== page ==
Eleni Beze, Being Leftist and Jewish in Greece during the Civil War and its Aftermath: Constraints and Choices, Historein, 18|2019,

After the end of the Second World War, and as a result of the ensuing Greek Civil War (1946–1949), former resistance members went through a period of generalised, severe persecution. In this context, Jews who had survived the Shoah by taking part in the resistance in some way or by going into hiding under the protection of the resistance forces had to denounce their former comrades or communist rescuers. How did Greek Jews who had been influenced by leftist ideology respond to the politics of the civil war and its aftermath? How were their responses affected by the attitudes of the Greek state, Jewish community and State of Israel towards them? Following the traces left mainly in a) the archives of the Jewish Museum of Greece, the Jewish communities of Athens and Salonica, and the American Jewish Joint Distribution Committee; b) the Greek Jewish press of the period; c) personal accounts, essays and literature, I will attempt to explore the multiplicity of responses of leftist Greek Jews to the political and personal dilemmas of the post-Shoah period. I argue that despite different postwar (and prewar) political attitudes and experiences, leftist Greek Jews expressed two main tendencies: a tight relationship with the country’s Jewish communities and, at the same time, a strong tendency to leave for other countries, mainly Israel.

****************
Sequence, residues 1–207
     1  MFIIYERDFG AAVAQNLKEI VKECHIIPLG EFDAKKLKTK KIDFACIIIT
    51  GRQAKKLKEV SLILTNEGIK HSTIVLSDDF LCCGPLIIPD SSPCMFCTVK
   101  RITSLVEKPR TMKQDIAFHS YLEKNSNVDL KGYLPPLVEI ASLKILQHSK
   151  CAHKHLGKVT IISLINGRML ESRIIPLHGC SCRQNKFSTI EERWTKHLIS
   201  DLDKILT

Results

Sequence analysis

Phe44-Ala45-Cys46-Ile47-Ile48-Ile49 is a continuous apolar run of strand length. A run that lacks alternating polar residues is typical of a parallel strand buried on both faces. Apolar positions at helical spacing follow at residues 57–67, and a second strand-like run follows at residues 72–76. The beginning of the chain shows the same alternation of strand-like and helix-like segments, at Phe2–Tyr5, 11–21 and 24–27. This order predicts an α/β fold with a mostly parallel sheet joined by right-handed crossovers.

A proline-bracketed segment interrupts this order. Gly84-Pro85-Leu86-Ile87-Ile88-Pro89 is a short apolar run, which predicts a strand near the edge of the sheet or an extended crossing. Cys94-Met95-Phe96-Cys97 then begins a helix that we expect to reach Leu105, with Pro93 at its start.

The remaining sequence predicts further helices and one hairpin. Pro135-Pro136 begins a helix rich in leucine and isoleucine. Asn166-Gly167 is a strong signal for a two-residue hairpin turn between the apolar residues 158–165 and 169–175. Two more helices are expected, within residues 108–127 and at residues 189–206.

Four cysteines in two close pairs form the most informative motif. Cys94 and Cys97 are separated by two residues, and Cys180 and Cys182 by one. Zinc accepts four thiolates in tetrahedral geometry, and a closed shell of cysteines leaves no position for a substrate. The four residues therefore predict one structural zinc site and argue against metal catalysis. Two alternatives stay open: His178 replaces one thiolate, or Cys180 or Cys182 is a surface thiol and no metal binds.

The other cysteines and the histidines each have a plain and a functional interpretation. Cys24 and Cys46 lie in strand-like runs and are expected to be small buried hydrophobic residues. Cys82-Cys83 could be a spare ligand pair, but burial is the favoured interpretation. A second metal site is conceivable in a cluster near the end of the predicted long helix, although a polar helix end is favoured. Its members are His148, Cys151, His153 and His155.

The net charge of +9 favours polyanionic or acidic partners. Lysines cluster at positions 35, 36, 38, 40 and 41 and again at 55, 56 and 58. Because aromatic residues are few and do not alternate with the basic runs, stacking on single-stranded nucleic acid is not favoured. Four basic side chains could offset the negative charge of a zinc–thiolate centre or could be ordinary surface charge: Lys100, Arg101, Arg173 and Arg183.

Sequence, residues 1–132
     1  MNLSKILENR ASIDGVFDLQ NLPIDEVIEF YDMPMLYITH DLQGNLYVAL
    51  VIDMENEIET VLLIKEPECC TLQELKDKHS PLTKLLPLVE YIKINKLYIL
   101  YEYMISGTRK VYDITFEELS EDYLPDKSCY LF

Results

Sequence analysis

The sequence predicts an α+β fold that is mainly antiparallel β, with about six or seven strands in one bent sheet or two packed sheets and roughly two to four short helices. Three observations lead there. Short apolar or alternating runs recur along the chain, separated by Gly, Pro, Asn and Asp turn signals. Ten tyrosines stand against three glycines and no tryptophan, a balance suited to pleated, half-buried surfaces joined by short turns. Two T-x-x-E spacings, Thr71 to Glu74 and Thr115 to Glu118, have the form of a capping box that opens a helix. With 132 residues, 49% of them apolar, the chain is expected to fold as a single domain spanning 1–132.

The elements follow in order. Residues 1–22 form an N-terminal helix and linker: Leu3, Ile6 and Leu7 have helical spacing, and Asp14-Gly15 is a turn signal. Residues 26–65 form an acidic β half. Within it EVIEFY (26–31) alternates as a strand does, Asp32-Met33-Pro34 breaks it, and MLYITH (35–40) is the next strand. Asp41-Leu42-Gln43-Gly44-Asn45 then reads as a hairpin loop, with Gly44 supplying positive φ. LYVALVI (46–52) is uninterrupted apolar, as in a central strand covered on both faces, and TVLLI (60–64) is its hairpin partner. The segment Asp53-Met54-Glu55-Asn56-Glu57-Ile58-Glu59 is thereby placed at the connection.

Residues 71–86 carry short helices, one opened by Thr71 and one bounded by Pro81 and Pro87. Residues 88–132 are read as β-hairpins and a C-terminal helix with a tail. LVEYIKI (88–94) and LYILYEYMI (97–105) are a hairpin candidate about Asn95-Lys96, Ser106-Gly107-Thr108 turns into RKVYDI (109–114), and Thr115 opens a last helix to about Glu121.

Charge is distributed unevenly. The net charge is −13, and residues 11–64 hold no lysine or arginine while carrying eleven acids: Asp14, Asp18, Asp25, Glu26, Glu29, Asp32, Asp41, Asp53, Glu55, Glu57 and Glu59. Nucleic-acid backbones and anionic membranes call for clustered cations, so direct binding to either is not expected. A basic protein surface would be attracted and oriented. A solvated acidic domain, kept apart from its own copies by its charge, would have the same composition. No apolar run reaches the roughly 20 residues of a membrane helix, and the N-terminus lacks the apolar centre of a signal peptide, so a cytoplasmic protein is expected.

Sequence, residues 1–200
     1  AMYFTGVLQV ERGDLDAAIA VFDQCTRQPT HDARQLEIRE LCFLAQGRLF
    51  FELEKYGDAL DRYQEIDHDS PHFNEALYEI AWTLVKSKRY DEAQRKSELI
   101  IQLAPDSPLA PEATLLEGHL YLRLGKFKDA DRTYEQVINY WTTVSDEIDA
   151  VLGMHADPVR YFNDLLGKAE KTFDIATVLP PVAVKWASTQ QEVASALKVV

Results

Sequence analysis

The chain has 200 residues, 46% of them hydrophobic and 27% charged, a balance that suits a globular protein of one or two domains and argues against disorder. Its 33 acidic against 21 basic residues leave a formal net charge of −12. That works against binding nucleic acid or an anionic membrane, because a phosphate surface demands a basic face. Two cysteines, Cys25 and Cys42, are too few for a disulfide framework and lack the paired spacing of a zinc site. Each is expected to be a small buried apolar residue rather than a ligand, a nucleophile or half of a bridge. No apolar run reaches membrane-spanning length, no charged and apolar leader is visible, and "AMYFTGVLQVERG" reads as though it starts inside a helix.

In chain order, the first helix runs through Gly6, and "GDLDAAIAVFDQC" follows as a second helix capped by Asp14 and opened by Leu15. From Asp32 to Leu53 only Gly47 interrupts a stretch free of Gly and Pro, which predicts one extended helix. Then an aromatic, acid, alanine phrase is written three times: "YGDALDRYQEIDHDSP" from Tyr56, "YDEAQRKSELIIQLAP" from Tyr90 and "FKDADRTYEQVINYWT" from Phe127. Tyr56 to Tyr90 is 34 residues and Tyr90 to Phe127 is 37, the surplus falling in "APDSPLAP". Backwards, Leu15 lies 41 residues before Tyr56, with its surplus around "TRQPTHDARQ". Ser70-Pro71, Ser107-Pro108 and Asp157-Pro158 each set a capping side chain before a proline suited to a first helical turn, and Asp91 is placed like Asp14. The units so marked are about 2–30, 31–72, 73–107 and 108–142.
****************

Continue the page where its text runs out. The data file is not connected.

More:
Follow EKT: